Protests in Eastern Cape echo those in Gauteng
All is not well in one of South Africa’s most beautiful but poorest provinces. One of the most noteworthy aspects of service delivery protests staged across the country against municipalities this year is the rising prominence of the Eastern Cape; where protests occur not only in the informal settlements of Nelson Mandela Bay and Buffalo City but in the small towns and rural areas of the province.
In fact as of last month there were marginally more protests in the Eastern Cape than in Gauteng — a perennial top-scorer on Municipal IQ’s Hotspots Monitor.
Service delivery protests in the Eastern Cape were as numerous as they were varied — from shack-dwellers in Nelson Mandela Bay (Port Elizabeth and Uitenhage) and Buffalo City (East London) to smaller towns such as Port St Johns and Molteno to some deep rural villages.
Many of the protests resonated with protests typical of rapidly urbanising Gauteng. Recent protests in Uitenhage in the wake of the demolition of illegally built shacks were very violent — showing up high levels of frustration and distrust by a community. They destroyed not only community infrastructure but also directly targeted councillors and their property as well as foreign shop owners.
In such marginalised urban communities shack-dwellers and backyard residents display the sort of desperate frustration seen not only in other South African metros but also in inner cities such as those in Sweden or France. These are communities with a sense that the system has failed them and the ballot box is either ineffective or impractical.
This picture of disaffection speaks to inequality in access to services (resulting in service delivery protests) as well as access to income and employment.
It is a theme that has meant that the Hotspots Monitor shows up a negative correlation between Municipal IQ’s municipal productivity index results and protest activity — in other words protests take place in municipalities where the average resident has good access to services and economic activity but due to the structural inadequacies of our economy for those who fall between the cracks life is extremely hard and protest activity ferments. Hence Gauteng and the Western Cape have top performers on the index coinciding with high levels of protest activity — a paradox explained by inequality and marginalisation.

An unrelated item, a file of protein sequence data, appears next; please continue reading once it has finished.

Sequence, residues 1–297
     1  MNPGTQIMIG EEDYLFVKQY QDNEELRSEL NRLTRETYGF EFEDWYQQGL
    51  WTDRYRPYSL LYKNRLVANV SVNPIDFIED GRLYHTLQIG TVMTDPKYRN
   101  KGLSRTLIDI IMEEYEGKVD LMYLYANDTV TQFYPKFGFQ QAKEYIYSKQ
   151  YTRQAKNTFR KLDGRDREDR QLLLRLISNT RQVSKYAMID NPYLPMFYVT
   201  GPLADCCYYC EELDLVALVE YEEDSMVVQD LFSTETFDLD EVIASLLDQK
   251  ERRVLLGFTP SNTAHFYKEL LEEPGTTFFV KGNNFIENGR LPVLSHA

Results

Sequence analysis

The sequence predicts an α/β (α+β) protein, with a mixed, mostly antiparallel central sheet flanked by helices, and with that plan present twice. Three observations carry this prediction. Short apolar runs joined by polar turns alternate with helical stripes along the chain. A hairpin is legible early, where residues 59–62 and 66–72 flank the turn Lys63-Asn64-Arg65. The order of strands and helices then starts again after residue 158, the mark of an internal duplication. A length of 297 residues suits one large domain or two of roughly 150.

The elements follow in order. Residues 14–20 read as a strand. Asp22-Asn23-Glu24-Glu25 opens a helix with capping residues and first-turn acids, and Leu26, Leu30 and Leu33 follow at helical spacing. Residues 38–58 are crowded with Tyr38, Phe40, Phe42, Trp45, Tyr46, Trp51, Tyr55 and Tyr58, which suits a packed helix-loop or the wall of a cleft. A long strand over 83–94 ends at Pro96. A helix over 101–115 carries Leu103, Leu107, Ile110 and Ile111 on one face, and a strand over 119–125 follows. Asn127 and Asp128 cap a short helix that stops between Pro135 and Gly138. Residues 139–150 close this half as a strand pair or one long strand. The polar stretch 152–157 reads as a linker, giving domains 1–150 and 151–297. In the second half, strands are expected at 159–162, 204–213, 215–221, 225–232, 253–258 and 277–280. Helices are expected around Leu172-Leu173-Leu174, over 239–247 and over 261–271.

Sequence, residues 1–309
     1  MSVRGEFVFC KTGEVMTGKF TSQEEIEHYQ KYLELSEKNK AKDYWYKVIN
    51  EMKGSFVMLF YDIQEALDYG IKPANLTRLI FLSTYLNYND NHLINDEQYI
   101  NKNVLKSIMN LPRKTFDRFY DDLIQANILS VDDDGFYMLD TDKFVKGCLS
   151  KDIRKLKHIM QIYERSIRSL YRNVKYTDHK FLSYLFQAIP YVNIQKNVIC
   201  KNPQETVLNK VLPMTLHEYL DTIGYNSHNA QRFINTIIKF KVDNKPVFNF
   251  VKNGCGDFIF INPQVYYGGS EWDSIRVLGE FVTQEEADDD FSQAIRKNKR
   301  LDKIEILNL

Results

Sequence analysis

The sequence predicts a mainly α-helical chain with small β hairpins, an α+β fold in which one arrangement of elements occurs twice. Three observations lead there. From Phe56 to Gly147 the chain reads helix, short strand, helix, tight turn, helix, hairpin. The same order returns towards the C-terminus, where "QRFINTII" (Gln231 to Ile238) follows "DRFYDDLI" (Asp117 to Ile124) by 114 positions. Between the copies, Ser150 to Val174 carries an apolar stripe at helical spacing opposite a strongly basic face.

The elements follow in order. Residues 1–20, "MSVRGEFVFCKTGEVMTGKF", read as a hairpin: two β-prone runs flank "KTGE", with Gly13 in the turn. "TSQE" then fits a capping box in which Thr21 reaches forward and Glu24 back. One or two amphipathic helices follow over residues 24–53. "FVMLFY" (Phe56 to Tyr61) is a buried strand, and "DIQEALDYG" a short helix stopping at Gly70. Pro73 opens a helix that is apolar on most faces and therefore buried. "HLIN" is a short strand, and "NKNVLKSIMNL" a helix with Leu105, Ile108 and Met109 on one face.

But another image needs to be unpacked in the Eastern Cape’s case — one of absolute deprivation where the very poorest of the poor with little access to services or income-generating possibilities stage protests. The top three grievances for the Eastern Cape protests this year included electricity housing and water provision.
An illustration of these needs was produced when the villagers of Hebe-Hebe Hili-Hili Tyinira Ncora Gisi Matolweni Ntandathu and Gxojani staged a protest in October blocking the main road between Butterworth and Ngqamakhwe to demand running water better roads electricity and sanitation.
Basic demand for services combined with rural poverty and economic stagnation mean municipal productivity index results are correlating as one would expect in rural and former homeland areas — the very worst municipalities (in terms of residents’ ability to live and work productively) are experiencing protests.
Out of the top 10 worst performers on the index three Eastern Cape municipalities experienced service delivery protests this year — Port St Johns Engcobo and Ngquza Hill.
A correlation between poor performance and conditions for protest activity being created is possibly the single most alarming finding of Municipal IQ’s data results for this year. While we by no means expect an "Arab Spring" in these areas (there are large numbers of destitute areas without protests) it shows an impatience with poor service delivery that has not been witnessed before and may suggest a more mobilised community response than has been more typical of urban areas up until now.
What is also of concern is the contagion effect of protest activity — as seen when service delivery protests first picked up in the Free State in 2004 (giving rise to the Hotspots Monitor). While protest activity can be managed with better communication and engagement the experience of the past 10 years is that once it takes root in a region it is unlikely ever to go away completely.